Red Meat and a Healthy Diet Can Go Together
A new study from Harvard’s School of Public Health finds that eating red meat may reduce your life expectancy. But that doesn’t mean that you need to completely ban the stuff from your diet. As with previous red meat studies, most of the negative effects were seen in those eating two or more servings of red meat every single day.
Most people I know—if they eat meat at all—don’t eat anywhere near that much. Meatless meals are becoming increasingly popular as people look for delicious ways to eat healthier, save a little money, and reduce our impact on the environment. In fact, average meat consumption has been declining for the past several years. If you’re eating half a pound of meat a day, you might want to get with the trend. If, on the other hand, you enjoy meat once or twice a week, you’ve probably got nothing to worry about.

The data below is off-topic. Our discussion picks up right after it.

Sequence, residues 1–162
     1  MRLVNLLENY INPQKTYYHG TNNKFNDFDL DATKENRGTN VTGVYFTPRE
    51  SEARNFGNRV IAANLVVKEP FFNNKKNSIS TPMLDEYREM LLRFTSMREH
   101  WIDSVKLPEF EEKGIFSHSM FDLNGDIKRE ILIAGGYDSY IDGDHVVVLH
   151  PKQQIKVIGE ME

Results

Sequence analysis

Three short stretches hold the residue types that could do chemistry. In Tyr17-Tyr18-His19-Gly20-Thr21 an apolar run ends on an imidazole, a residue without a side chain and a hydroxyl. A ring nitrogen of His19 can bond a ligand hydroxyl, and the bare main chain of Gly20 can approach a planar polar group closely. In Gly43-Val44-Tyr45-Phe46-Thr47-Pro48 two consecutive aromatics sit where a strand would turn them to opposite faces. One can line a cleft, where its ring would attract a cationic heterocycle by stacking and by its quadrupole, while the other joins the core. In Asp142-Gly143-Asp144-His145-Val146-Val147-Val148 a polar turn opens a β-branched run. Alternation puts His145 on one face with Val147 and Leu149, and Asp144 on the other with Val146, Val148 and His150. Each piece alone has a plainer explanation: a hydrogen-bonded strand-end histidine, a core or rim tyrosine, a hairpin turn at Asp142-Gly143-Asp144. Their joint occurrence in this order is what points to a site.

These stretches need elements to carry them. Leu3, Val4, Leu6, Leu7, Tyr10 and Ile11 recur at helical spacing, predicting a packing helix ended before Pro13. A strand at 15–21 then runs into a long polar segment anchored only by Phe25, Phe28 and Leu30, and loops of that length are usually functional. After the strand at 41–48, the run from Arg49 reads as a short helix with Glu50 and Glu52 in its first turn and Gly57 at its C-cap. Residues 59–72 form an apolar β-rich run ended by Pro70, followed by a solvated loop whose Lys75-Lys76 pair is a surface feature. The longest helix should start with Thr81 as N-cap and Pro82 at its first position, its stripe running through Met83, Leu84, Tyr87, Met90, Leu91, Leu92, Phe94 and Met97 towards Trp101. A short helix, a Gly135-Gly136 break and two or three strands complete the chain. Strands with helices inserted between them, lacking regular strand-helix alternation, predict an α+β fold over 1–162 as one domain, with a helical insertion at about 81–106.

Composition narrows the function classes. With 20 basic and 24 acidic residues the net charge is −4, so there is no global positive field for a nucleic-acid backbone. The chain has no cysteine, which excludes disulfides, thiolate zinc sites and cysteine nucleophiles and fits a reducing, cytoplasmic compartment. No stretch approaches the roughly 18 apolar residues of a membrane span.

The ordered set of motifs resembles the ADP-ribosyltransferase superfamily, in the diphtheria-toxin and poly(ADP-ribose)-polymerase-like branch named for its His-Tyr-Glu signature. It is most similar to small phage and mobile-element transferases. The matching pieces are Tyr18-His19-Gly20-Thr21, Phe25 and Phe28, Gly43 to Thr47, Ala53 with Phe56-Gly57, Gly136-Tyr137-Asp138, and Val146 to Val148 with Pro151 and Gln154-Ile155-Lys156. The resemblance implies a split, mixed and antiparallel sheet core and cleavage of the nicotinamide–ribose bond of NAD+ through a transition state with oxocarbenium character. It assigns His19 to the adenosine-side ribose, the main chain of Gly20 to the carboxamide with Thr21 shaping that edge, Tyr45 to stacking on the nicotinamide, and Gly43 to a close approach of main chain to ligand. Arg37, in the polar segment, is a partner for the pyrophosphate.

How much red meat is safe?
There appear to be no health risks associated with eating up to a pound of red meat per week—that’s a serving every other day or so. Red meat is also an excellent source of protein, iron, B12, and zinc. To maximize the benefits (and minimize the risks), choose lean, well-trimmed cuts of meat like filet, flank steak or London broil (grass-fed, if you can get it). And when cooking meat over a grill or high heat, marinating the meat for 20 to 30 minutes will help minimize the formation of harmful, cancer-causing chemicals. (See more ways to make grilled meats healthier.)